World Bank forecast

Published October 9, 2020

IN a new report, the World Bank has painted a very dismal picture of Pakistan’s economic outlook for the next two financial years, saying the nation’s growth prospects will remain significantly subdued.

The report projects the economy will recover by 0.5pc during this fiscal after it shrank by 0.4pc last year — the first contraction since 1952 — owing to the pandemic. This depressing forecast may face further risk in the case of infections going up again and given the impact of resumption of economic stabilisation policies under the IMF deal.

In fact, the release of the report South Asia Economic Focus coincides with worrisome news of a surge, albeit slight, in Covid-19 cases as business picks up in the wake of a government decision to reopen the economy after virus infections peaked in June.

Read: Marriage halls, restaurants becoming Covid hubs, says Asad Umar

The report also warns that poverty is likely to rise with Covid-19 lockdowns, which have chiefly affected informal services and small industrial businesses, the two sectors in which the majority of non-farm labour is employed.

Though the bank has not given any numbers related to the increase in poverty, experts estimate the economic crisis induced by the pandemic could have pushed millions more into poverty, especially in the cities.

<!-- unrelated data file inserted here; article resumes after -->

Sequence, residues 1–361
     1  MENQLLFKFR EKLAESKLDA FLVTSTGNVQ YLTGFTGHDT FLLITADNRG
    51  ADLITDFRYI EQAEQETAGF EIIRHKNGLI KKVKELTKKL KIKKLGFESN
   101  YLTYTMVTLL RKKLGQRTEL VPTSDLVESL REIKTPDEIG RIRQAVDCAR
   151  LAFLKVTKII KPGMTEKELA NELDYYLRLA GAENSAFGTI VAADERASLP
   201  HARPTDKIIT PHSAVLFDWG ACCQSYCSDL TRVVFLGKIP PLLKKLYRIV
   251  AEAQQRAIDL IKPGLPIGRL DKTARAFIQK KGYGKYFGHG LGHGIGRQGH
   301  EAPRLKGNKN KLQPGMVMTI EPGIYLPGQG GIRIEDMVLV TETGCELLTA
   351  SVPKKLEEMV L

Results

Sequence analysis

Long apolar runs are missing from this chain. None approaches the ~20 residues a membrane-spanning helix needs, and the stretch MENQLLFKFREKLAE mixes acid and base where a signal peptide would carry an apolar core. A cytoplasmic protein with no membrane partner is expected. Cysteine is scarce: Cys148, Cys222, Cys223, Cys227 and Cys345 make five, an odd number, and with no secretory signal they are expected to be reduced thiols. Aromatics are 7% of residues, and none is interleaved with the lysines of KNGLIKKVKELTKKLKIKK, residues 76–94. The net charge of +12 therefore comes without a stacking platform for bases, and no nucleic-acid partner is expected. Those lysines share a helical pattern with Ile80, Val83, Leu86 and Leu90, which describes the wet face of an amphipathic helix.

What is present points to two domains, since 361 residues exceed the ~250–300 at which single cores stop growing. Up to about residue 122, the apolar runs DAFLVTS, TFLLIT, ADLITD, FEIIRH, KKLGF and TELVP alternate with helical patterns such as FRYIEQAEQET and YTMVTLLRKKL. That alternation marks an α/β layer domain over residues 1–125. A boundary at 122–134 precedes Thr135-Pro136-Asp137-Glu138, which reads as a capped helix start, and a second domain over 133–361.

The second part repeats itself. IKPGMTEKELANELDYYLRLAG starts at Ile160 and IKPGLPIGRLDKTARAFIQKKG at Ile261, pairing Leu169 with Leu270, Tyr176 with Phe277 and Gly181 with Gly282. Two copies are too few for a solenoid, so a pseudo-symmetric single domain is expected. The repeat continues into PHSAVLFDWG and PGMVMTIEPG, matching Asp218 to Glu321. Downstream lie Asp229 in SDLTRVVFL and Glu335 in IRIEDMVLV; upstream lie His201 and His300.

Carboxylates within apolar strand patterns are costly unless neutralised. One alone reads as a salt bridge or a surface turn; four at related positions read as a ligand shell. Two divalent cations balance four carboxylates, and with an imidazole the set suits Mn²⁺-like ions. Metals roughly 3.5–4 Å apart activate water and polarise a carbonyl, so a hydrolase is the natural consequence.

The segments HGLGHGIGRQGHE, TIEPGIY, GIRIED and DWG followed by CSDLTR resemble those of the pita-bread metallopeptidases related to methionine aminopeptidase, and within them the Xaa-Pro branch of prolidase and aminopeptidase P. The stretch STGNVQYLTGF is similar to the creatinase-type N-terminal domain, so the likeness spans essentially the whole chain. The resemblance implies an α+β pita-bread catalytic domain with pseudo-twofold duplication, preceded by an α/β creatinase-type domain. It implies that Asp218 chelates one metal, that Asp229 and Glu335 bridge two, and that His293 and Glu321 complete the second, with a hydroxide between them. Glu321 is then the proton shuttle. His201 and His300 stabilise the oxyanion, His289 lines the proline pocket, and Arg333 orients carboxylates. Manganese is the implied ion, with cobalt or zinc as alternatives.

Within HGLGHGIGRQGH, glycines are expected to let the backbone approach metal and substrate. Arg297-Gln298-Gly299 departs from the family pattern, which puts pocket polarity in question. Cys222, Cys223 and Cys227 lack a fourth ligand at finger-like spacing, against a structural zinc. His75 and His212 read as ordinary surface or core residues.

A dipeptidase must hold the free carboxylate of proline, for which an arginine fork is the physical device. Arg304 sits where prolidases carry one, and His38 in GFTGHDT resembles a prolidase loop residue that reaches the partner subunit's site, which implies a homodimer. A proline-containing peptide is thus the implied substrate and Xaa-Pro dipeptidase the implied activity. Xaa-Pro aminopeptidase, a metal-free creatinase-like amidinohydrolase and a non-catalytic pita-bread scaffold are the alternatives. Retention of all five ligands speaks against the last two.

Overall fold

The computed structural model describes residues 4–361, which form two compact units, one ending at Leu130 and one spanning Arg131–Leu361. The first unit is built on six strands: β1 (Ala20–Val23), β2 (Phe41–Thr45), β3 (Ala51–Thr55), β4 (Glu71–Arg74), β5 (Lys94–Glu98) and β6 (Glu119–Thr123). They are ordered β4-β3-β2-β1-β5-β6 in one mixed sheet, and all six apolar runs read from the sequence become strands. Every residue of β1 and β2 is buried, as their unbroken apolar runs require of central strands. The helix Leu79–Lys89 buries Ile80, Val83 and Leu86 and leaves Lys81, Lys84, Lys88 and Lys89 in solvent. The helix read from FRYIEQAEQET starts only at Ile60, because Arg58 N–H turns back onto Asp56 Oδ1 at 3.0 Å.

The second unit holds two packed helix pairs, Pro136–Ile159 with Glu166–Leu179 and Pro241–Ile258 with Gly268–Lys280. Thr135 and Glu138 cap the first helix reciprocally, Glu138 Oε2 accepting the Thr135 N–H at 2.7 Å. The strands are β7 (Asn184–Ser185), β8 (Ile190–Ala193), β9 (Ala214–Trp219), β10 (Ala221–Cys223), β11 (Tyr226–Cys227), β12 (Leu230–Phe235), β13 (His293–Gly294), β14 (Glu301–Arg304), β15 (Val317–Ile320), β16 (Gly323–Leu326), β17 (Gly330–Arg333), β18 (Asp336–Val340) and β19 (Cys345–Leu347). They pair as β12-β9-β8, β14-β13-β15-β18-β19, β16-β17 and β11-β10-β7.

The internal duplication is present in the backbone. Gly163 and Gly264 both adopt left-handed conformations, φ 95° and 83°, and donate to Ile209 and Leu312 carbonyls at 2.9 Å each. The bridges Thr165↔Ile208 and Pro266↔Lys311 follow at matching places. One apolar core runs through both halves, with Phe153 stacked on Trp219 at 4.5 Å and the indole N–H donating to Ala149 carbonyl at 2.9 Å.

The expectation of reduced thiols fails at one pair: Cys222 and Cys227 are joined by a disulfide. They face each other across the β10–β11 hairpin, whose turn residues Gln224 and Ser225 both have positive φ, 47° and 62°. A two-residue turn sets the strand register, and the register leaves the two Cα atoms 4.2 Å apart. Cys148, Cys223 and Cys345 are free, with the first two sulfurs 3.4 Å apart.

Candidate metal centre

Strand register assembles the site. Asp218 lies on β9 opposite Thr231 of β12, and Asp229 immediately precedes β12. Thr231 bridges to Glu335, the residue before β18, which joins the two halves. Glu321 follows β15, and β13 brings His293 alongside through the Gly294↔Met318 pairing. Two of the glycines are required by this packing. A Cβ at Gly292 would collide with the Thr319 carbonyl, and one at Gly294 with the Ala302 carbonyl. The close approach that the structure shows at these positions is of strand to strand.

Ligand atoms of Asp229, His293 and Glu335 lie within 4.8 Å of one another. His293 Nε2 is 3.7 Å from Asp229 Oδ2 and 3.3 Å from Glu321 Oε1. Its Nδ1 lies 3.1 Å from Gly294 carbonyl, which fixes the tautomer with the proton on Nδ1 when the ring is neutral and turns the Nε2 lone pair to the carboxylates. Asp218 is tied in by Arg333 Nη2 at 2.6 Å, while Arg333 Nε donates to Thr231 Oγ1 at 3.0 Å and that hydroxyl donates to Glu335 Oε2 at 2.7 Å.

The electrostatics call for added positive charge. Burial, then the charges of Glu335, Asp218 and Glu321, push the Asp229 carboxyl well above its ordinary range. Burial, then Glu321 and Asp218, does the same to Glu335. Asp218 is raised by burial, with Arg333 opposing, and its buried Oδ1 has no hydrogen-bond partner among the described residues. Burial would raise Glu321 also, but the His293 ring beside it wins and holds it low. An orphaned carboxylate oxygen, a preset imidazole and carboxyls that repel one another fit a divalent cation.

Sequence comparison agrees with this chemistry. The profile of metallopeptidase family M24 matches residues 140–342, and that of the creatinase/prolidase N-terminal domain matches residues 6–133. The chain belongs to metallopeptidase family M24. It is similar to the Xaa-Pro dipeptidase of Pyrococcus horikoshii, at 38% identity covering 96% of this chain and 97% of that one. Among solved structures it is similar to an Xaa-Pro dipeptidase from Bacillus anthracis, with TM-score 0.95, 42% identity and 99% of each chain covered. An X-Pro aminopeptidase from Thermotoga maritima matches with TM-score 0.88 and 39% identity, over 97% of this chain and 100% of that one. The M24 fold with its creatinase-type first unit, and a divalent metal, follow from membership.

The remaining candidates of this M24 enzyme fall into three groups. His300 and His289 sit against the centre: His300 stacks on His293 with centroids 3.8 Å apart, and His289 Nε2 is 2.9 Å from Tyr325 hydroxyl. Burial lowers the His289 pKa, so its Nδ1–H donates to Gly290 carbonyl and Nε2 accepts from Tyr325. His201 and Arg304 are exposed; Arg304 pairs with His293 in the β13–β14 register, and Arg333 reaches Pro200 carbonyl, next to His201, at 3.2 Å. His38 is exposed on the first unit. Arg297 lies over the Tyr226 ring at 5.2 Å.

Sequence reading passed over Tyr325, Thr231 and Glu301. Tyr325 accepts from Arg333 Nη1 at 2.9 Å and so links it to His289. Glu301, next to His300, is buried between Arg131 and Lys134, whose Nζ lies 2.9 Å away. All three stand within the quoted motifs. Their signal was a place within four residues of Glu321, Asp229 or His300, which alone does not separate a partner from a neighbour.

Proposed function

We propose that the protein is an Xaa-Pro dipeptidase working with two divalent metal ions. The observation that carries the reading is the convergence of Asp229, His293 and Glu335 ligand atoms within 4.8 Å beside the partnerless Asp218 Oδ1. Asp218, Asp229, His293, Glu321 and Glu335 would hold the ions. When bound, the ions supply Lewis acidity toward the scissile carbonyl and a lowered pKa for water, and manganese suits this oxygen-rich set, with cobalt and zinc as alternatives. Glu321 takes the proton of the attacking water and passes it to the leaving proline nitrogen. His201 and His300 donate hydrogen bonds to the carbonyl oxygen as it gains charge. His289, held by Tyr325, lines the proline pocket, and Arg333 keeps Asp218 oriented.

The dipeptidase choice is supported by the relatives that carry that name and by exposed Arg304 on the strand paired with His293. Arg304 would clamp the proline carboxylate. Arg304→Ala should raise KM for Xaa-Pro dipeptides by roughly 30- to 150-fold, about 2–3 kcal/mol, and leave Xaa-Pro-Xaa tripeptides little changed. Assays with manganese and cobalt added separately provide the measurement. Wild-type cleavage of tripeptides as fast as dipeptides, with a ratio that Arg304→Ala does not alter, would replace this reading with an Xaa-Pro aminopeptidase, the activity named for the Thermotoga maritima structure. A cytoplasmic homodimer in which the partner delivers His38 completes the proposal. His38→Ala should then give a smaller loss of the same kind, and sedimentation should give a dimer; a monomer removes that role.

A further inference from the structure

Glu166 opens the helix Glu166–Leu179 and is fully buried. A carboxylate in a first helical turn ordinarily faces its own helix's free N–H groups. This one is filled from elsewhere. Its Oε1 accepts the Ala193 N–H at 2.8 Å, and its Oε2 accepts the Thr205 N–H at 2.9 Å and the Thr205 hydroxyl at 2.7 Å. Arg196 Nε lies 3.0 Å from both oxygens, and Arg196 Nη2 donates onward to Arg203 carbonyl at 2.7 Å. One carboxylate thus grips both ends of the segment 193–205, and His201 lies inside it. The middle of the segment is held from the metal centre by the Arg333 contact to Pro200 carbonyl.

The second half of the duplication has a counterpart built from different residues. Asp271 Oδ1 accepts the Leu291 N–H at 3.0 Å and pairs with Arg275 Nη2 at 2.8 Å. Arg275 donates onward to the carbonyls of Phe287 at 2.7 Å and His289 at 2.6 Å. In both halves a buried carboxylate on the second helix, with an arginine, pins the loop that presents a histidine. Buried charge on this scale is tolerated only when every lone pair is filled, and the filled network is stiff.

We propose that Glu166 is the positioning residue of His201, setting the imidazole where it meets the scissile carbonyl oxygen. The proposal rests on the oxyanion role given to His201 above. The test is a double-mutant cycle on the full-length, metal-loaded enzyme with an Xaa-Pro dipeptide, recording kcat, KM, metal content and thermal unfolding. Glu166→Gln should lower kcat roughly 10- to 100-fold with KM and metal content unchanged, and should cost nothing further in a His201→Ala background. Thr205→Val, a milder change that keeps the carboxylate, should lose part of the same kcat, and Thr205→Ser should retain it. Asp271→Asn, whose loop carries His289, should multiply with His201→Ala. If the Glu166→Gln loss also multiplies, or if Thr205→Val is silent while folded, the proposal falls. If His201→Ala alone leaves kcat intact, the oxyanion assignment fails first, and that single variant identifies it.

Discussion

It is hard to dispute the projection. Yet it is also difficult to agree completely with the gloomy post-lockdown picture. The report has apparently drawn heavily on old data to make its projections, and short-term trends depicted by new economic data for the first quarter of the present financial year to September tell a more encouraging story.

The economy and businesses that were badly hit during the lockdowns have shown resilience and performed better during the last three months. GDP is now projected to expand by 2pc this year compared to the bank’s projection of 0.5pc. Many of those who lost their jobs during the pandemic are back at work, even if in certain cases they have been forced to accept pay cuts. The cash handouts given by the government under the Ehsaas programme prevented hunger in several households. The rural population was also largely spared the crop losses in spite of the desert locust attack.

There is no denying that a possible resurgence of infection still poses a major risk to the economy, and the resumption of demand-compression measures under the IMF programme is likely to keep growth muted for some time. Yet the outlook is neither too desperate nor too encouraging. There is still uncertainty hanging over the future but there are also signs of recovery.

The situation demands that the government implement the required reforms to assist struggling businesses quickly get back on their feet, and address, in the words of a senior World Bank official, the weaknesses of the “informal sectors through smart policies” and by ensuring wise allocation of meagre public resources to help the poor.

Published in Dawn, October 9th, 2020

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